The first step in the recycling process is dismantling the vehicle. The next two steps are the crushing, and shredding of the crushed vehicle. If the plastics can be recovered from a vehicle post-shredding, I’m curious how they prevent comingling of the various types of plastics, which can be a problem when creating reusable plastic materials. It is a process that would seem to be a manual job, with care taken to ensure there is no comingling of plastic types. I understand that magnets can be used to separate metal from plastic, but sorting the types of plastics from a pile of shredded materials might be a different story. Currently, in the United States, says the SPI report, the remaining materials post-crushing and shredding (plastics, rubber, wood and paper) “are processed into fine ASR that is sent to landfills.” Five million tons of this ASR is sent to landfills each year in the United States, “with automotive plastics representing 0.5% by weight of a typical landfill.”
In Europe, states the report, “due to mandates on recycling and use of recycled content, more ASR is separated using float/sink tanks, dryers and other technology to separate plastics and other fine ASR materials, diverting material from landfills.”
The separation process is tedious because of the “wide variety of plastics used in automobiles” which, as the report notes, “is a challenge for recyclers.” To separate metals from plastics in the ASR, methods such as “float tanks” are used, which employ water to segregate non-ferrous and ferrous metals and plastics from the ASR. Also used is the “eddy current” process, as well as laser and infrared sorting. The float separation process is used in a number of types of plastics separation, particularly separating plastics from the paper that may be stuck to the recyclate. That means hundreds of gallons of water, in some cases very hot water, and even chemicals are used to help the process.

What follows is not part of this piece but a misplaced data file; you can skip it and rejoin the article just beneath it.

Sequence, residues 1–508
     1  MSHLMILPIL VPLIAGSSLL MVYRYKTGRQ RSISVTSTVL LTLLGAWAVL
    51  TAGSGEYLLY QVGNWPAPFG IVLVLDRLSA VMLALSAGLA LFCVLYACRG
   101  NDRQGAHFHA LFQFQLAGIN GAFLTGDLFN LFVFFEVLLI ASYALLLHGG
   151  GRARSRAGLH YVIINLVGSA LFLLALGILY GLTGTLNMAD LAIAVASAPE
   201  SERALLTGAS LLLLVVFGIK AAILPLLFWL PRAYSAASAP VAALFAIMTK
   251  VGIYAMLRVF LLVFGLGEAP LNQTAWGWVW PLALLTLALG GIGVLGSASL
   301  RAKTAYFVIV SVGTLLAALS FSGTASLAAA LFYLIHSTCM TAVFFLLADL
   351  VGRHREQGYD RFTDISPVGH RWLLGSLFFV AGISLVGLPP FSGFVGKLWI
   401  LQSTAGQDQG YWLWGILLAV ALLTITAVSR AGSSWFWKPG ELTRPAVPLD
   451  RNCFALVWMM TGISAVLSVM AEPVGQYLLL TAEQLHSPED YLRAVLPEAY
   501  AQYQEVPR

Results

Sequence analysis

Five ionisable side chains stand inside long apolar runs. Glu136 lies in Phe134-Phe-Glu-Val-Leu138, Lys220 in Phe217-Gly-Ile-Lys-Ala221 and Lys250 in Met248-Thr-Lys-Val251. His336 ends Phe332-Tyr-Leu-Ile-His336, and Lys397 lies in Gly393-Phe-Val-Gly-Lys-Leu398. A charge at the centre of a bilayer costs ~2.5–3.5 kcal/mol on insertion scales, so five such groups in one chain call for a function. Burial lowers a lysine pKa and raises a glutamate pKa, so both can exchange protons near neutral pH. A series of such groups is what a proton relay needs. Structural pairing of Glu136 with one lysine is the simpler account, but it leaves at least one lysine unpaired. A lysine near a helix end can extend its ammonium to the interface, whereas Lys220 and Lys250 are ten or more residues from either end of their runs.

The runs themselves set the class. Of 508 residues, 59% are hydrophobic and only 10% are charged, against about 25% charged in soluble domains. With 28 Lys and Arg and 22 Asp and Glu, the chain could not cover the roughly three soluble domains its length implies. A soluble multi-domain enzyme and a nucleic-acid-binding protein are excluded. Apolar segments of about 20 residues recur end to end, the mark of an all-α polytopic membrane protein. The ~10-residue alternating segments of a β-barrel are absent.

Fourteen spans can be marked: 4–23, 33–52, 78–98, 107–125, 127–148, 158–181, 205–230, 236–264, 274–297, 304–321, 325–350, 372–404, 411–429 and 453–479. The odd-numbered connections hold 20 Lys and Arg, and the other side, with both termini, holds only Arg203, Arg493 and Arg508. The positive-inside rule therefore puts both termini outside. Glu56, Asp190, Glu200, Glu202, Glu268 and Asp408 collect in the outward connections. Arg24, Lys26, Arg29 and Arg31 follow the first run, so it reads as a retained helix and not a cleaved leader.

That presents yet another problem, which often occurs in the case of so-called solutions, and that is the global problem of availability of clean, potable water and using the global water supply in the best possible way.
Additionally, if the goal of lightweighting automobiles is to be more environmentally friendly through higher miles-per-gallon of fossil fuels, thus reducing CO2 emissions, how much CO2 is produced in the recycling process? That would have to include the energy to operate equipment for shredding and sorting, or even the resources that go into manual sorting, given the energy used by employees getting to and from work. Ultimately what is the real value of the plastic shred if it is comingled material? Isn’t the value of the recycled plastic based on the quality of that recyclate? Certainly the total cost-to- manufacture has to include end-of-life costs, which must add a considerable amount to the overall costs.
With the percentage of plastics in ASR increasing in the coming years, it behooves the market to come up with more environmentally friendly ways to use that ASR. The cost to separate, sort and create good, usable regrind material suitable to be molded into new parts is a big stumbling block for the industry. As the SPI report notes: “While all of the thermoplastic polymers are technically capable of being recycled, it can cost more to separate, clean and collect each polymer than to purchase virgin plastic—particularly with the recent low oil and natural gas prices.”
The cost of being perceived as “green” or “sustainable” will continue to be considerable, but the value of plastic materials can be realized in recycling. But exactly what type of recycling will be most beneficial and cost effective? And the big question: Will consumers be willing to pay for the costs associated with ELVs?